The patient should be questioned about allergies, currently used medications, any history of chronic or recent illness, and recent nuclear medicine tests. The patient's level of anxiety should be noted, and psychological support offered. A complete and detailed medical, occupational, and accident history should be taken, and a physical examination completed.

Certain clinical and radiological laboratory analyses (see Radiological and Clinical Laboratory Assessments section below) are essential to the care of the radiation accident patient. These laboratory tests are done to assess the biological effects of radiation injury; to identify abnormalities that might complicate treatment; to locate, identify, and quantify radionuclide contamination; and to provide information useful in accident analysis.

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Radiological and clinical laboratory assessments

All samples must be placed in separate, labeled containers that specify name, date, time of sampling, area of samples, and size of area samples. It is suggested that blood, urine, feces, or other samples taken in the emergency treatment period be retained for subsequent investigation. Appropriate advice (legal, radiation safety, etc.) should be obtained regarding the storage and disposition requirements of collected samples.

 
Samples Needed Why? How?
In all cases of radiation injury:
CBC and differential STAT (follow with absolute lymphocyte counts every 6 hours for 48 hours when history indicates possibility of total-body irradiation) To assess the radiation dose; initial counts establish a baseline, subsequent counts reflect the degree of injury Choose a noncontaminated area for veni-puncture; cover puncture site after collection
Routine urinalysis To determine if kidneys are functioning normally and establish a baseline of urinary constituents; especially important if internal contamination is a possibility Avoid contaminating specimen during collection; if necessary, give the patient plastic gloves to wear for collection of specimen; label specimen "Number 1," with date and time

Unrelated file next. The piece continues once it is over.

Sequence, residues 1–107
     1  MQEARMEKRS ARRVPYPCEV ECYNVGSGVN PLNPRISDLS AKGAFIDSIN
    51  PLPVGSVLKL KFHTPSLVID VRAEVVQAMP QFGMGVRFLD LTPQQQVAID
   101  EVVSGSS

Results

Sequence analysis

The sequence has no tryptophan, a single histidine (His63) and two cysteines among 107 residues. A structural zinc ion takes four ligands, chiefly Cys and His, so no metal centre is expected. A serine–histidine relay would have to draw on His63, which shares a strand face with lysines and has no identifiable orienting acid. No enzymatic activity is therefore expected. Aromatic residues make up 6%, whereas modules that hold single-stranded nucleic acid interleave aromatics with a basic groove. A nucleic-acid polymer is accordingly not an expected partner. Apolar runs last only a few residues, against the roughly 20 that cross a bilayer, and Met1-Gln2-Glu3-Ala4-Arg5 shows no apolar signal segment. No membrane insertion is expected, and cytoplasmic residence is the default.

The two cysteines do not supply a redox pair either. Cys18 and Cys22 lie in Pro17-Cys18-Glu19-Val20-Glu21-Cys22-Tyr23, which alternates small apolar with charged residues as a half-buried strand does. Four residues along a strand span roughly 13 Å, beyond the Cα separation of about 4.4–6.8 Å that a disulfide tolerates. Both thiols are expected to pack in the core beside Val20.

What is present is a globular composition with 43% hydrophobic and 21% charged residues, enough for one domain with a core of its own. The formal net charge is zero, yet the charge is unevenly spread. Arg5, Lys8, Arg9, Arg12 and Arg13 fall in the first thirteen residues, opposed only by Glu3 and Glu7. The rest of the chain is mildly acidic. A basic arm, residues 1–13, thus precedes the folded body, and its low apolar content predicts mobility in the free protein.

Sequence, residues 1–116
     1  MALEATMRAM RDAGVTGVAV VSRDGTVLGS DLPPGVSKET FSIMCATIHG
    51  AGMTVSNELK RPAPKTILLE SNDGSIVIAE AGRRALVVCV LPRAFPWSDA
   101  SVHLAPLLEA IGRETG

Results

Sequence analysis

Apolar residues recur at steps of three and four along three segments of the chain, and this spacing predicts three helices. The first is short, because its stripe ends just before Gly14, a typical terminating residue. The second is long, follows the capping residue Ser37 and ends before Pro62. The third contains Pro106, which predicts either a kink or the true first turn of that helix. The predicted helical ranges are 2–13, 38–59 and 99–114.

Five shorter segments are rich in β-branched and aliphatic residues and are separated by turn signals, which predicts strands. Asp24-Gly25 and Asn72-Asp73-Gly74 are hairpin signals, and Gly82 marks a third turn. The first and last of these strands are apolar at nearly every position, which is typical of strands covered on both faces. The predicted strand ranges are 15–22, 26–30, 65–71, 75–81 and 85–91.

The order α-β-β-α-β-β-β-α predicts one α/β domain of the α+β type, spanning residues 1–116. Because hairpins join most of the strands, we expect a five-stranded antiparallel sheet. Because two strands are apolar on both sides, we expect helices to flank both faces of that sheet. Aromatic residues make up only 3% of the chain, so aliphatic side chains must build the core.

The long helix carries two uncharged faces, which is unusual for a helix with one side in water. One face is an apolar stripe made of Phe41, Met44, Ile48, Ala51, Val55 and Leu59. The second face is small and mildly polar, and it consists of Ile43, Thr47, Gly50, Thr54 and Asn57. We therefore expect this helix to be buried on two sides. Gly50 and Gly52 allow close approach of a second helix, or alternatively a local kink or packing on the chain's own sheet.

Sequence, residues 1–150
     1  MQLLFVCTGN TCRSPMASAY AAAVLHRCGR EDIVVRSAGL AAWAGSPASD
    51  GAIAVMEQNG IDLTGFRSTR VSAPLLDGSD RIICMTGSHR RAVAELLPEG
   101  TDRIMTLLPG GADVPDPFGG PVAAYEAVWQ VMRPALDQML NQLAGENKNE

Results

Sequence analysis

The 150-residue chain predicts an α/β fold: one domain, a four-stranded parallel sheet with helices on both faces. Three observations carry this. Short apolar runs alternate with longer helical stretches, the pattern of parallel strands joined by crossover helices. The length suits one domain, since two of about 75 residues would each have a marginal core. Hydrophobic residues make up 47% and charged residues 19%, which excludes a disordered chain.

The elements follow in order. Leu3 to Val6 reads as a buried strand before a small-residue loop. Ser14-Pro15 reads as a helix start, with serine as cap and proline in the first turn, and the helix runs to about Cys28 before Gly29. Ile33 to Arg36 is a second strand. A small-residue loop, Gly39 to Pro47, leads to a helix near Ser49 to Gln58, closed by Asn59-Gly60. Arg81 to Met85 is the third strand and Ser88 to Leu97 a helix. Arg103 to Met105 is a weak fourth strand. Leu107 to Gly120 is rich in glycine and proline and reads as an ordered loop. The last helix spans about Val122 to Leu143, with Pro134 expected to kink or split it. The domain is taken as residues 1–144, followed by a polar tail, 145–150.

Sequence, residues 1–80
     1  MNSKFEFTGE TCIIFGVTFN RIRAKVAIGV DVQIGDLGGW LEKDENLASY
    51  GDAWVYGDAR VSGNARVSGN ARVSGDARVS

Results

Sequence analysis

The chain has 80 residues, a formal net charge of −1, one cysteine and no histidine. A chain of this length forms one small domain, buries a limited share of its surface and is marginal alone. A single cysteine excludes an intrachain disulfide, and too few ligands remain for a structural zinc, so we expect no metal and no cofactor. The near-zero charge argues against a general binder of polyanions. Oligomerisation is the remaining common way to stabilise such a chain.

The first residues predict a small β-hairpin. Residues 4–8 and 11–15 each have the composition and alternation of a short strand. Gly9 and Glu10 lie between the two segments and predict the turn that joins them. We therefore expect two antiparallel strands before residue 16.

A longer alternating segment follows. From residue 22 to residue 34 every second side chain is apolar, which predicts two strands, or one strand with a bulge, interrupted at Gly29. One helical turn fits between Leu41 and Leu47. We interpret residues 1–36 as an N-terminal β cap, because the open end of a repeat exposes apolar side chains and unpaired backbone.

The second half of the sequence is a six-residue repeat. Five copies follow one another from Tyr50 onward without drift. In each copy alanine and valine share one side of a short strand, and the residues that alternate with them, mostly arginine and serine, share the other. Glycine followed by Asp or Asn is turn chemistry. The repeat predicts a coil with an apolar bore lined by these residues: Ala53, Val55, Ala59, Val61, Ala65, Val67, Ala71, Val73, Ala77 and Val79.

When external contamination is suspected:
Swabs from body orifices To assess possibility of internal contamination Use separate saline- or water- moistened swabs to wipe the inner aspect of each nostril, each ear, mouth, etc.
Wound dressing and/or swabs from wounds To determine if wounds are contaminated Save dressings in a plastic bag. Use moist or dry swabs to sample secretions from each wound, or collect a few drops of secretion from each using a dropper or syringe; for wounds with visible debris, use applicator or long tweezers or forceps to transfer samples to specimen containers which are placed in lead storage containers (pigs)
When internal contamination is suspected:
Urine: 24-hour specimen x 4 days Body excreta may contain radionuclides if internal contamination has occurred Use 24-hour urine collection container
Feces x 4 days
 

Decontamination of the contaminated patient

Good judgement is essential in determining decontamination priorities. Since some radioactive materials are corrosive or toxic because of their chemical properties, medical attention might have to be directed first to a non-radiological problem if radioactive materials are components of acids, fluorides (uranium hexafluoride-UF6), mercury, lead, or other compounds.